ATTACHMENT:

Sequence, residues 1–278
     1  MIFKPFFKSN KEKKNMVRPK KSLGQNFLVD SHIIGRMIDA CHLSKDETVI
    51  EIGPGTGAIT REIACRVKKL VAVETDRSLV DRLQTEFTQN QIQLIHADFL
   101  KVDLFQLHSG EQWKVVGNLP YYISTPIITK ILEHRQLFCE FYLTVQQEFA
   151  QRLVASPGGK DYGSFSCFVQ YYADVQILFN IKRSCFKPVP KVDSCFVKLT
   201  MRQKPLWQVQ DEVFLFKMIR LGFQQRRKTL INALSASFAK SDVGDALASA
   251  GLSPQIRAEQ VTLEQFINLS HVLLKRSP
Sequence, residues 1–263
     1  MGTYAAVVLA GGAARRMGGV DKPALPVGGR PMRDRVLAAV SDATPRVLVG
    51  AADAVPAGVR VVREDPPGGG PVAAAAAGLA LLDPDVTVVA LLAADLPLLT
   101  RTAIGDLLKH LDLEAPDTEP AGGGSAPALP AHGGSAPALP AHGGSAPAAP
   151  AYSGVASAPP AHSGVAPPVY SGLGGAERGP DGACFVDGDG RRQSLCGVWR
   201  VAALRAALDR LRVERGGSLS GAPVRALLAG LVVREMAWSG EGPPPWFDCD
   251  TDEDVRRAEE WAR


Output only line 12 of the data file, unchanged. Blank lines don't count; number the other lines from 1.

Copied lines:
   151  AYSGVASAPP AHSGVAPPVY SGLGGAERGP DGACFVDGDG RRQSLCGVWR